Feel insecure? You’re not alone. Monkeys too are inflected with uncertainty and self-doubt.
Professor Michael Beran and John David Smith trained macaques, the Old World group (native to Asia, Africa, and Europe), to play a computer game: if they answered correctly on a test question, they got a treat. Wrong answer, no treat. And third option: question mark. Select the question mark, the screen skips the present question that is considered too hard, and moves on.
The macaques answered in the very same way as humans. The monkeys skipped the tricky questions.
Dr. Smith told the BBC:
“Monkeys apparently appreciate when they are likely to make an error… They seem to know when they don’t know.”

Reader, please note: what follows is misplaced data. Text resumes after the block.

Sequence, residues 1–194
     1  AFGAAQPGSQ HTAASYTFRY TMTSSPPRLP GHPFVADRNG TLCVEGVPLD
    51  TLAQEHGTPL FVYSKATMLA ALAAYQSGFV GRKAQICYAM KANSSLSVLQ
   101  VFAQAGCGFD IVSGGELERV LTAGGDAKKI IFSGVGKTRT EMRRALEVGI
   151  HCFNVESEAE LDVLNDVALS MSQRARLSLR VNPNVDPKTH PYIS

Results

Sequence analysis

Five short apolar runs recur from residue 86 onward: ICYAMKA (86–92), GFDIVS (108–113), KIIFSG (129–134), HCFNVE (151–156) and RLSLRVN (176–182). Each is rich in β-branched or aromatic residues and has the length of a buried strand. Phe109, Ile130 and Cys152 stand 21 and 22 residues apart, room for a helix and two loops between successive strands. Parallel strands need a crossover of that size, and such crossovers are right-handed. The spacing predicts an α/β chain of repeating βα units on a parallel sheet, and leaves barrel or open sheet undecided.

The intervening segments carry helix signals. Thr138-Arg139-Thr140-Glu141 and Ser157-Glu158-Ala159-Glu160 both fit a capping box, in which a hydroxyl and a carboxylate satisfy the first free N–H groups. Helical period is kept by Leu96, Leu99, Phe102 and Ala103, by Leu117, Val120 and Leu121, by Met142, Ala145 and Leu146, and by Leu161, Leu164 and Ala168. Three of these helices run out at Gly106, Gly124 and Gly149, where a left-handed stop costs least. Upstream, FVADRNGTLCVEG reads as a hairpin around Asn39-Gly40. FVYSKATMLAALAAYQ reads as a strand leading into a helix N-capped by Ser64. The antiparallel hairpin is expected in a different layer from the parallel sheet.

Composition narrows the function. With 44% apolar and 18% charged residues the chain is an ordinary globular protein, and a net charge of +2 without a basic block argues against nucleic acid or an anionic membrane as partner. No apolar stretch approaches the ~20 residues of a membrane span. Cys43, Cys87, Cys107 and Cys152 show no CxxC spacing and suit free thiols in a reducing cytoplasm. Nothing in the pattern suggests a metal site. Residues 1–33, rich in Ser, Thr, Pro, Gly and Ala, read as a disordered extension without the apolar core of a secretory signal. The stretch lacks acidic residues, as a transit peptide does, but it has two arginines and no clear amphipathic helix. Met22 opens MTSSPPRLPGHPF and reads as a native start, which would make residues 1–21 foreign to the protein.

Capuchins, which are New World monkeys (from Central and South America), however, failed to choose the question mark option.
Because macaques are Old World primates, their ability to recognize their own level of thinking may show us a step in human evolution. Dr. Smith thinks this level of cognition might have developed strictly in the line of Old World primates, leading to humans. To put it another way, don’t blame your teacher/mother/boss/first therapist for filling you up with self-doubt. In fact the blame lies with the Old World monkeys!